Point of Sale

In Africa, Yoco Powers SMES Beyond Cash-Based Commerce

In Africa, small to mid-sized enterprises are an engine of the overall economy.

As noted on the International Trade Centre’s website, more than 70 percent of Africans work for small firms with fewer than 20 employees. With expanded payments options, these merchants can more nimbly serve their customers, capturing commerce and top-line growth.

To that end, payments services provider Yoco (a truncated version of “your commerce”) said last week that it raised the equivalent of more than $16 million, and the money will be earmarked for the company’s point-of-sale (POS) solution aimed at small to mid-sized enterprises.

The product allows SMEs to accept payments and also measure company performance, eyeing metrics such as inventory and which products are among the highest selling offerings.

The backdrop is one where roughly 7 percent of small businesses in South African countries accept card payments, and yet the card penetration rate is 75 percent. Yoco said the opportunity that lies before it is a significant one: CEO Katlego Maphai has stated that there remains as much as $20 billion in commerce that is ripe to make with the shift from cash payments to digital ones. That comes as firms such as McKinsey have spotlighted $2.1 trillion in consumer spending by 2025, of which $75 billion may be tied to eCommerce.

Among factors that may be leading to that mismatch is cost, and a regulatory environment that is less than optimal in bringing payments tech to bear on the market. In reference to the former, Yoco sells its hardware and software at price points that start at roughly $100. And, in reference to the latter, the “access problem” that needs a solution is one that stems not just from the cost, but to the hurdles that are in place that ultimately wind up restricting smaller firms. The rules span everything from location to revenue requirements.

The shift toward more choices at the point of sale — using cards for example — comes as the latest iteration of the Global Cash Index shows that cash in use represents about 60 percent of that South Africa’s GDP.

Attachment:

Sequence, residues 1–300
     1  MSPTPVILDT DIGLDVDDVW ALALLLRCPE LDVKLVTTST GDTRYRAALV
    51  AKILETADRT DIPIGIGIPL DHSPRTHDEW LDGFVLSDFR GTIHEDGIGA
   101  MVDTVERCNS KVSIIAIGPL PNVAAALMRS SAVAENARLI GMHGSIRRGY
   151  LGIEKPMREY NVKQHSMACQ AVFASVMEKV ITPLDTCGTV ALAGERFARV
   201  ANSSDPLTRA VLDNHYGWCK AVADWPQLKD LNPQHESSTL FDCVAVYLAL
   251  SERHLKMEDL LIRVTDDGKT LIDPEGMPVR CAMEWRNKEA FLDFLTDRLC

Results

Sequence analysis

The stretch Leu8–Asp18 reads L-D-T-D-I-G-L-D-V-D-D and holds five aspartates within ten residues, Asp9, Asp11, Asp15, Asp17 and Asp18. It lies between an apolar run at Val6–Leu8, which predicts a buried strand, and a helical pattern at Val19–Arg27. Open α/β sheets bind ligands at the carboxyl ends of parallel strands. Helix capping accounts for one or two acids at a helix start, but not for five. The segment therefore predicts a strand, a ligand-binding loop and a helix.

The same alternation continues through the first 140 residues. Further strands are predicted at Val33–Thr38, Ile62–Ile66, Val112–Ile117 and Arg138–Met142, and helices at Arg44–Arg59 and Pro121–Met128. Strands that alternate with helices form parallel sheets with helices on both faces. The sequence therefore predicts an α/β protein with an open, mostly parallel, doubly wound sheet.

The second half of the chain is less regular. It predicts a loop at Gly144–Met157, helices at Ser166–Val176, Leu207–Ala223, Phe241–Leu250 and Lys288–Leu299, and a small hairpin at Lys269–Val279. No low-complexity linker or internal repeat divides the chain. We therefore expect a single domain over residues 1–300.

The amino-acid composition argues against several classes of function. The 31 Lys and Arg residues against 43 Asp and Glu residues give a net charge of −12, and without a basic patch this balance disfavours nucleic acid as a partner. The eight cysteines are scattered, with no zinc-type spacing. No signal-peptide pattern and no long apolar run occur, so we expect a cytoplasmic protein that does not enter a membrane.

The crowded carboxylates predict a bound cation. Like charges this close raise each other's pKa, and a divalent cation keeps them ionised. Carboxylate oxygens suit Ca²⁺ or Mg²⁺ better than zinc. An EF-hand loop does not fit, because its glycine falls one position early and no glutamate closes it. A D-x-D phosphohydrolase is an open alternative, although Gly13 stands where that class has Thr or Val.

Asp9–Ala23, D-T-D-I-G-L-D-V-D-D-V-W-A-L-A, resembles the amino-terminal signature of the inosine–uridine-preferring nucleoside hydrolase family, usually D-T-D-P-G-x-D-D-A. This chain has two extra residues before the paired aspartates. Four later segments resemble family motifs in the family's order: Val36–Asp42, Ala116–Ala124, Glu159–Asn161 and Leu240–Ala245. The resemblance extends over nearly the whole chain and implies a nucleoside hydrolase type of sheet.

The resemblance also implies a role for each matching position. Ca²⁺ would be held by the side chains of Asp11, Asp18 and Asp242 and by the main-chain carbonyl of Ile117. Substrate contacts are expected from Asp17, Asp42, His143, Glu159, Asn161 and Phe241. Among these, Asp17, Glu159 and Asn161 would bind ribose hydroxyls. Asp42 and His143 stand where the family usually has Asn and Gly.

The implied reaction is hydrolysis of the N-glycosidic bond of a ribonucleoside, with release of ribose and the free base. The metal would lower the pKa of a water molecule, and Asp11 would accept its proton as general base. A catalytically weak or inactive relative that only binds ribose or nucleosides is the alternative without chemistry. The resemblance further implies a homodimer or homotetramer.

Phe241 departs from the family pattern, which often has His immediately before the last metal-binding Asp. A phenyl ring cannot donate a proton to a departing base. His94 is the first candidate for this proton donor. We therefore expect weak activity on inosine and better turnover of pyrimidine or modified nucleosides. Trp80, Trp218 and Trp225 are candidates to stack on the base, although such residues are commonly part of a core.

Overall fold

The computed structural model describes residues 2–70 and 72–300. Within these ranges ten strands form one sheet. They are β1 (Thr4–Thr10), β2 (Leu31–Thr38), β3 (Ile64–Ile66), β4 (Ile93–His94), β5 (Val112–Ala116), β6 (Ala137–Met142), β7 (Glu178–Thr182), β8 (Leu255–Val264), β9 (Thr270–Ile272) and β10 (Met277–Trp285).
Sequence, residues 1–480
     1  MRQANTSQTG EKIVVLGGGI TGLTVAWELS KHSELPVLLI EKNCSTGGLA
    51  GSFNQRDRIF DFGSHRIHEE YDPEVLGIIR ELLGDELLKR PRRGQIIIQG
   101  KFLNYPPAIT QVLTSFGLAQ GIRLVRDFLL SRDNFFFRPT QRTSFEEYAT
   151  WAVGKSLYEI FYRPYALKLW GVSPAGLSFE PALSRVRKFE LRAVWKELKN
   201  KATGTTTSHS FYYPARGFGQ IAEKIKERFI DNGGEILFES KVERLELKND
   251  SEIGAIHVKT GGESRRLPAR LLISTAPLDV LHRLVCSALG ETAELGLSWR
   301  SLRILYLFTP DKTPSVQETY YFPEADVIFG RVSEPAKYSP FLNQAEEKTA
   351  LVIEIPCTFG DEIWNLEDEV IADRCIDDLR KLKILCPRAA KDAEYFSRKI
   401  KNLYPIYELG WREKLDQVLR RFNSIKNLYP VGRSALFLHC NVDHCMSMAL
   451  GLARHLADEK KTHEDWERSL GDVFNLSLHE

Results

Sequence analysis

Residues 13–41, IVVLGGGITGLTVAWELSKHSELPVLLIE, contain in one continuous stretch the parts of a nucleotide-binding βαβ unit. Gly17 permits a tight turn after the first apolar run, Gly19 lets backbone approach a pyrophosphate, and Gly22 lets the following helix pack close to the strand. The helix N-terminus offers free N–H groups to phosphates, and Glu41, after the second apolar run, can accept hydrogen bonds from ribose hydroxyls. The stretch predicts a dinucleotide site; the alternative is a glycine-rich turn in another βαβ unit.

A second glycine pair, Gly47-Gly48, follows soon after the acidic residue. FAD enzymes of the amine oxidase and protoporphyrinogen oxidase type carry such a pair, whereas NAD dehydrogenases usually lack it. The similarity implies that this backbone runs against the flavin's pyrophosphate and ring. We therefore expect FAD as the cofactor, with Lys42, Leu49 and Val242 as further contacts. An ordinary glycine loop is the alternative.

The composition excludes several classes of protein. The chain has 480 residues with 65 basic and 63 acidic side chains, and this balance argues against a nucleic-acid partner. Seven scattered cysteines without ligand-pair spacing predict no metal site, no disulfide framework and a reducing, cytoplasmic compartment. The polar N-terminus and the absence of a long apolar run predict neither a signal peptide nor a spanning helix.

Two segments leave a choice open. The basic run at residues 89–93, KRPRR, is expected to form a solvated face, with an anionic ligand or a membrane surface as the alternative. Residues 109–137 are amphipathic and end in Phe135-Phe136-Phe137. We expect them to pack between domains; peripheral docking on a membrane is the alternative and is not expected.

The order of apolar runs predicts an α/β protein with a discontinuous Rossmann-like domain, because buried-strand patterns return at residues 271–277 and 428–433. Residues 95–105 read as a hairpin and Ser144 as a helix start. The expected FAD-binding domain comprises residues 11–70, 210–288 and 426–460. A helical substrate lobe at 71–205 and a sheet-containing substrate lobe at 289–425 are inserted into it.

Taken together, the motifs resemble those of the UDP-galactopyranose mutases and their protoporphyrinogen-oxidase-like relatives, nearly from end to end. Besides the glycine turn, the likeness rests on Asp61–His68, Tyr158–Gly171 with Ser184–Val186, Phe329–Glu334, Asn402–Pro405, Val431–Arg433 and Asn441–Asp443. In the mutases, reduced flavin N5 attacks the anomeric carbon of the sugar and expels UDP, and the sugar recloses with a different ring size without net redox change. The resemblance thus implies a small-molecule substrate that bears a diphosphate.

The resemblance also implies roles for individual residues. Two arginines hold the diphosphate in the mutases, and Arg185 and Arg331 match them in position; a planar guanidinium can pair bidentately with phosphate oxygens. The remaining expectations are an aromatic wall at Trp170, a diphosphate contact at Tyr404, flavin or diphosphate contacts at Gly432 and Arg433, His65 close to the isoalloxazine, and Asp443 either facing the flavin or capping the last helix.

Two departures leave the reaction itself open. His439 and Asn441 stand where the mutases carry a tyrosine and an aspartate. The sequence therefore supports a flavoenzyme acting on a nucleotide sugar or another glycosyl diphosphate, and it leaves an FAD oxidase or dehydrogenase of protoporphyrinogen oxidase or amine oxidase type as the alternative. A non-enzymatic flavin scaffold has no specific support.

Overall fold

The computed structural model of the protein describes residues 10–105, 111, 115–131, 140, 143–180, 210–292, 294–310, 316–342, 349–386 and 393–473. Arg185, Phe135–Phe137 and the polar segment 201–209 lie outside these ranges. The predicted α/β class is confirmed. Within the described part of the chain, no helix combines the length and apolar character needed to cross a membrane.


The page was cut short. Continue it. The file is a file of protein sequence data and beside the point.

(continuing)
But the very small number of merchants that accept card payments seems to represent a greenfield opportunity. In terms of business traction, the company has noted that it processes roughly $280 million in annualized payment volumes for about 30,000 businesses. In other publications, the firm has noted that it has been adding about 1,500 customers monthly.

The roots Yoco is putting down may follow a trend in Africa — one that bets on the ever-downward trend of tech costs as a tailwind for payments acceptance, especially among smaller merchants.  It follows the January 2018 launch in Zimbabwe, where Steward Bank has come to market with Kwenga, a POS machine that costs the equivalent of $35 for a smaller version and $200 for a larger one. The devices can also be shared across merchants, and this of course lowers the investment required for each merchant. The machines also allow for users to transact with Ecocash, a mobile-focused payments service.

In August, Stripe and Visa, among others, invested $8 million into Nigeria’s Paystack, a startup that lets developers create payments tools, eyeing payment processing services — check out our interview with the CEO. Additionally, Alibaba Group Holding’s founder and chairman Jack Ma has said in recent weeks that his firm “will do anything to share technology” with Africa.

The overarching theme, of course, is financial inclusion, and it is a theme that extends across individual African nations and companies. By making the actual technology more affordable — and even shareable — among merchants, the door opens to both connectivity and a boost in commerce.

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